The greatest tragedy on this continent is that we suffer from acute amnesia.
This could explain why what is happening in Burundi suggests that we have forgotten the events that led to the Arusha Accord of 2000.
The Accord ended a 12-year ethnic-based civil war that saw 300,000 people killed.
Burundi’s current basic law, which dates back to the end of civil war, says the president can serve two directly-elected terms while a separate clause says the first post-war leader will be indirectly elected by lawmakers, as President Pierre Nkurunziza was.
Under the planned changes in the Constitution, the latter clause was to be deleted, allowing the president to run again.
To his credit, President Nkurunziza has not indicated his intention to run for a third term in elections scheduled to begin in May 2015.
However, his hatchet men have indicated that he will run. The ruling party, the National Council For Defence of Democracy-Forces For Defence of Democracy (CNDD-FDD), said he is eligible to run because he had been elected in 2005 by the National Assembly but not directly by the people.
The party will hold a congress that is expected to decide whether Nkurunziza will run for a third term.
It is crystal clear that the party will do whatever it takes to clinch the top seat.
The question over Nkurunziza’s candidature has topped public debate in Burundi.
The presidents of the East African Community member countries are in tacit approval of Nkurunziza’s third term. According to EAC diplomats, he is eligible, as he will not be violating the letter of the Constitution as per the Arusha Peace Agreement.
Indeed, according to these diplomats, there is no crisis in Burundi ahead of elections as portrayed by the media.
Tragically, the leaders have forgotten the recent events in Burkina Faso, where president Blaise Campaore was forced into exile and parliament building burnt down by protesters after lawmakers tried to extend his 27-year rule.
President Nkurunziza should read the mood of the Burundians and see the exit sign before it is too late for him.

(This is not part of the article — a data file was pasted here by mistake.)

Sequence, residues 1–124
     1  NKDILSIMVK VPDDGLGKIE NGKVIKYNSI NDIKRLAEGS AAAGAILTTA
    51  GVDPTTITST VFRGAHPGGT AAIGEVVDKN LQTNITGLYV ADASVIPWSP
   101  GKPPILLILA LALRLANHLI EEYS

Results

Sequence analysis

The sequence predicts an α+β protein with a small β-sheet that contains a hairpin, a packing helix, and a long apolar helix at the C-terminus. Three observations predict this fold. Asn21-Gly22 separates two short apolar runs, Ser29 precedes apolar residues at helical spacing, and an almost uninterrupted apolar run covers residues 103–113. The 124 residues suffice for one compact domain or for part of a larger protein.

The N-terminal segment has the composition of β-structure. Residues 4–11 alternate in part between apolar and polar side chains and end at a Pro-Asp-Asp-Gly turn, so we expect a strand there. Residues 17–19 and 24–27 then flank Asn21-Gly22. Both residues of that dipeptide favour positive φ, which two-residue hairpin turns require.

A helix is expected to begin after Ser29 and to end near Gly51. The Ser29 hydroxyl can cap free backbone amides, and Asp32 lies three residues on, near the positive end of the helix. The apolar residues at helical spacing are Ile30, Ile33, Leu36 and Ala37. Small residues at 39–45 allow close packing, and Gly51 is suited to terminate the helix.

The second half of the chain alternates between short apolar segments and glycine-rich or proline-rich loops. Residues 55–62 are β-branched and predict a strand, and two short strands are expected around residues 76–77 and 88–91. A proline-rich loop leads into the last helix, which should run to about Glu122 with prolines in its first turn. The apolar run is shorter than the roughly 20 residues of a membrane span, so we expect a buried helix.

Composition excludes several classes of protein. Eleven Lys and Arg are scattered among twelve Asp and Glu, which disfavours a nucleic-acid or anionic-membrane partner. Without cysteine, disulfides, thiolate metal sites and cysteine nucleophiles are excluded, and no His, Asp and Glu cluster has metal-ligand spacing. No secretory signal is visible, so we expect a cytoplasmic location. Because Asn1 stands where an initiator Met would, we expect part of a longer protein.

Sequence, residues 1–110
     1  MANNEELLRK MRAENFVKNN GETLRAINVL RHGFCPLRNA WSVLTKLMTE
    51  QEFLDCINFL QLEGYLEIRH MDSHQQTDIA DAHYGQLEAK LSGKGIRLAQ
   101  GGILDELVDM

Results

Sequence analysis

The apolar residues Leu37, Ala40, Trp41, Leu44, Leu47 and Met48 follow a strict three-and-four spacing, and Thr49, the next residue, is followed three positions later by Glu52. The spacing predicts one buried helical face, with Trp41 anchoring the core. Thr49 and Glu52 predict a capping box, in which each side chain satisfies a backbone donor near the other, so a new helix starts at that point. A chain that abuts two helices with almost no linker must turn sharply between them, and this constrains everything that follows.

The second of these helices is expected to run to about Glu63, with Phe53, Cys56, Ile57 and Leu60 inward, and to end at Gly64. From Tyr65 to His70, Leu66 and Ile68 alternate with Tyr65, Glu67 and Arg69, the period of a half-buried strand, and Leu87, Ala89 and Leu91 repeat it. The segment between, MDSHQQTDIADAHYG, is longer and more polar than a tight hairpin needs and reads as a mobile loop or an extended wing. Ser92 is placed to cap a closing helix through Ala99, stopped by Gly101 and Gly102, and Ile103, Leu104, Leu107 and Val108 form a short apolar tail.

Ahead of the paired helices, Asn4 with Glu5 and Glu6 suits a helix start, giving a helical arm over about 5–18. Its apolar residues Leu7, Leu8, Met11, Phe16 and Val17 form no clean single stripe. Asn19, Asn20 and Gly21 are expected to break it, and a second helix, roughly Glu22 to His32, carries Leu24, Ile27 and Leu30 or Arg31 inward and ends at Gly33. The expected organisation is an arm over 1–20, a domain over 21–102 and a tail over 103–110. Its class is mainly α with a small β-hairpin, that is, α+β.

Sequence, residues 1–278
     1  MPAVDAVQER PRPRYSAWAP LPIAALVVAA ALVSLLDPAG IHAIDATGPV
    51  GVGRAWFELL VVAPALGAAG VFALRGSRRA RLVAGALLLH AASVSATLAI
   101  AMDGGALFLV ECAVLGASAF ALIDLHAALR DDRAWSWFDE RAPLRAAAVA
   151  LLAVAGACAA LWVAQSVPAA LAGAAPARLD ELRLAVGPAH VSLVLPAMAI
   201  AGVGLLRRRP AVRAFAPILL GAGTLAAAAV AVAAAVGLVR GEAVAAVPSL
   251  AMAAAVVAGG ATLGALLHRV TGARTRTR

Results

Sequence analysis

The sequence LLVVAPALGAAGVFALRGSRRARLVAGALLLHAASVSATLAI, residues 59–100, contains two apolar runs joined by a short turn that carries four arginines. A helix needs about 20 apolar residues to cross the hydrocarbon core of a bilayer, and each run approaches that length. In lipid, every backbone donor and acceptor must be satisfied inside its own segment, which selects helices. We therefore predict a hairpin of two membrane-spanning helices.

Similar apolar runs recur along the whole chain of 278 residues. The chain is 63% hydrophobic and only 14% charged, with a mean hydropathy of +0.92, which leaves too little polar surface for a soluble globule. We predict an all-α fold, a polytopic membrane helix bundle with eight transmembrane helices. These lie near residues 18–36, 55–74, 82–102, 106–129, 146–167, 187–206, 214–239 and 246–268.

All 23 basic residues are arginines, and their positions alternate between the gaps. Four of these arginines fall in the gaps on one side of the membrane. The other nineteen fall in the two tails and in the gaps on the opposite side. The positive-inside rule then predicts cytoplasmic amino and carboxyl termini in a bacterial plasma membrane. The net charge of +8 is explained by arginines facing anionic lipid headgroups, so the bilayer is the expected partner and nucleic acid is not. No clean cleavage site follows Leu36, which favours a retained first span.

The international community should also do all it takes to ensure that the Arusha Accord is implemented to the letter to avert disaster.
Kimani Wa Njuguna
Gatundu South, Kenya.
Kikwete must sack corrupt ministers to prove his credibility
JAKAYA KIKWETE’S tenure as president comes to an end next year. President Kikwete has many international admirers and has received adulation from the major Western democracies.
As president, Kikwete twice hosted two US presidents – George W. Bush in 2008 and Barack Obama in July 2013. With many branding him the “darling of the West,” Kikwete in March 2013 received the Chinese president Xi Jinping, demonstrating to the world Tanzania’s non-alignment foreign policy.
Although many interpreted the US and Chinese presidents’ visits as competition for Tanzania’s natural resources, it was a diplomatic victory for Tanzania.
Kikwete scooped the Most Impactful Leader in Africa Prize in April 2013 and in July 2014 the Icon of Democracy Award.
With the Mo Ibrahim Prize for Good Governance in Africa failing to get a winner this year, many have predicted that President Kikwete will win it when he retires.
Despite the international accolades, President Kikwete has faced myriad challenges at home. Major corruption scandals have engulfed his presidency.
Parliament recently passed a scathing resolution to have Kikwete’s Cabinet ministers revoked over the Independent Power Tanzania Ltd (IPTL) that has rocked his government.
A government report implicated the Prime Minister in the scandal that resulted in the plunder of more than $120 million from the country’s central bank by private businessmen and government officials.
With PM Mizengo Pinda narrowly escaping the censure, President Kikwete has no choice but to take action on the ministers implicated in the scam and prove that the international accolades were given to him on merit.